Terracotta Daughters by Prune Nourry

June 7, 2014 — Leave a comment

Prune Nourry’s project on recreating the famous Chinese Terracotta Warriors as Terracotta Daughters is brilliant, wonderful and the perfect political comment on the long tradition around the globe of parents preferring a male to that of a female firstborn.

Terracotta Daughters

In the continuation of her Holy Daughters project in India, Prune now reflects upon gender preference in China and infiltrates the local culture through the familiar symbol of the Terracotta Soldiers, by creating an army of 116 life-size Terracotta Daughters.

India and China alone represent 1/3 of the world population and both encounter a similar gender imbalance. This sociological phenomenon is due to the preference parents give to having a son. The number of single men has been increasing ever since the 80’s, and the misuse of ultrasounds to select the sex of the child. This leads to disastrous consequences for the situation of women in Asia (kidnappings of children and women, forced marriages, prostitution, population migrations…).

The work process for each one of Prune’s projects always begins with a research trip where she meets specialists on the societal subject of interest. It’s at the University of Xi’an that the most eminent sociologists study the question of gender preference in China, notably Professor Li Shuzhuo. Prune interviewed him in June 2012 during her first research trip for this new project. Li Shuzhuo initiated the Care for Girls government campaign aiming to ameliorate the condition of girls within Chinese families.

It’s also in Xi’an that are located the Terracotta Warriors familiar symbol Prune has chosen as inspiration to her project. The artist nods to the beauty and cultural richness of the Chinese artifacts dating back to 210 BC. The army, that was discovered in March 1974 by farmers digging a well, had for purpose of protecting China’s first emperor Qin Shi in the afterlife. The warriors are now a national pride, exhibited all around the world, and registered as a UNESCO site. Estimated at more than 8,000 and measuring between 1.80 and 2 meters, the soldiers are all unique.

Emulating the style and ancient techniques of the Terracotta Warriors, Prune collaborates with local Xi’an artisans specialized in the copies of the terracotta soldiers to create the Terracotta Daughters project.

Prune sculpts 8 life-size Terracotta Daughters modeled after 8 Chinese orphan girls. The clay used in the process is the same one that was dug up over 2,000 years ago for the original warriors. For this project, the artist learns the local copyists’ technique based off of the ancient practice.

Once the 8 original sculptures completed, the craftsmen use the molds interchangeably to create an army of 108 life-size Terracotta Daughters. The faces will then be individually personalized and signed by the craftsmen, as it was done with the ancient soldiers, to make each Terracotta Daughter unique.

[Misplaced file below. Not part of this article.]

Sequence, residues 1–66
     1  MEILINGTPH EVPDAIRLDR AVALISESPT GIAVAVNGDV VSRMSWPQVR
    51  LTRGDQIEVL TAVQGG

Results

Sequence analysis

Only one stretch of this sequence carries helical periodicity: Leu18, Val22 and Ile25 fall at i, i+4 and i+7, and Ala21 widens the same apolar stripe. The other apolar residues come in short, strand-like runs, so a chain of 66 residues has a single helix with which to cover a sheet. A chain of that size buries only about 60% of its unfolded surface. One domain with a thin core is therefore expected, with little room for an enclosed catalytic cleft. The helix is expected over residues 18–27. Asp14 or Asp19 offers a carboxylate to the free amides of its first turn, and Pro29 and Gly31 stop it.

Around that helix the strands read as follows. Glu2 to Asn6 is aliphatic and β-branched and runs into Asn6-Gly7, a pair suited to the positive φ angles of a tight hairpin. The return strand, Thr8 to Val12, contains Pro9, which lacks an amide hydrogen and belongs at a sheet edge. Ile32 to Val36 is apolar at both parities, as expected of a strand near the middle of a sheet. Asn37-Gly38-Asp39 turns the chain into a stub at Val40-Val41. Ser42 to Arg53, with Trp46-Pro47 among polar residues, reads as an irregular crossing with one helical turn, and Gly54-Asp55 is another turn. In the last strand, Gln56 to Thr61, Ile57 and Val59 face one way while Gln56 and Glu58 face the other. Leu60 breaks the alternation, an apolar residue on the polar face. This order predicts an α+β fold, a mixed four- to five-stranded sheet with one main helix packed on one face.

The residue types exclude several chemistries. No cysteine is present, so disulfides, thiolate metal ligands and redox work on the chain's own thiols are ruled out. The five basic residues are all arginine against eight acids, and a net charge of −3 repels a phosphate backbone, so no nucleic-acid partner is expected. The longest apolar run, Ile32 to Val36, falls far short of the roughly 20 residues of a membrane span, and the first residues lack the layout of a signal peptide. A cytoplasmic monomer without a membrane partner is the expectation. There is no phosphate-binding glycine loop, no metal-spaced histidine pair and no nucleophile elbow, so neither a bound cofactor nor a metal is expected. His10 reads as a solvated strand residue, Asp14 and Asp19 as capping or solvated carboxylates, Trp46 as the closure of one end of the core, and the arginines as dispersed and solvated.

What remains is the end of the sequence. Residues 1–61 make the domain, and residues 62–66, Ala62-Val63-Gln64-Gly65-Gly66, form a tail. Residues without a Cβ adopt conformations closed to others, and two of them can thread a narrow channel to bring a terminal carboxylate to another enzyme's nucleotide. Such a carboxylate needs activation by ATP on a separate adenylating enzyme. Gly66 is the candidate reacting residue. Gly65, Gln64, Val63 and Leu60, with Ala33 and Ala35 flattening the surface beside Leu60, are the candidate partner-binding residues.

The army, along with other Artworks derived from the project, were presented in an exhibition in September in Shanghai at the gallery Magda Danysz. The exhibition design is mostly be focused on the installation of the 108 life-size sculptures displayed in accordance to the archeological site from which they are inspired. The other Artworks include the 8 original Terracotta Daughters, bronzes, plaster molds, as well as a video – between Artwork and witness of the process. This exhibition will then be followed by a world tour throught 2014 with shows in Paris in April, Switzerland in June, curated by Tatyana Franck (Curator of Picasso at Work. Through the lens of David Douglas Duncan at the Museo Picasso of Malaga, the Museum of Art and Industry La Piscine à Roubaix, the Museum of Art and History of Genève 2012), New York in October commissioned by FIAC’s Crossing the Line festival and one last American destination in December.

Prune met the 8 orphan Chinese girls that inspired the Artworks of the project through the non-profit organization The Children of Madaifu, which was founded in 1999 by Marcel Roux, former Vice-President of Doctors without Borders. She photographed the girls during her visit of their respective villages in August 2012, and uses the portraits as models for the sculptures.

With the idea of continuity in mind, Prune works hand-in-hand with The Children of Madaifu to support the education of the 8 little girls for a minimum of 3 years thanks to the sale of the 8 original sculptures. In addition, each one of the little girls will be invited to the exhibition in Beijing in order to meet their terracotta double. The girls will also receive a 30 cm artist proof of Prune’s Mini Terracotta Daughter.

Thus, each collector who acquires one of the 8 unique original terracotta sculptures supports the project, as well as 3 years of the education of the little girl depicted in the Artwork.

via http://www.prunenourry.com/en/projects/terracotta-daughters

Terracotta Daughters by Prune Nourry


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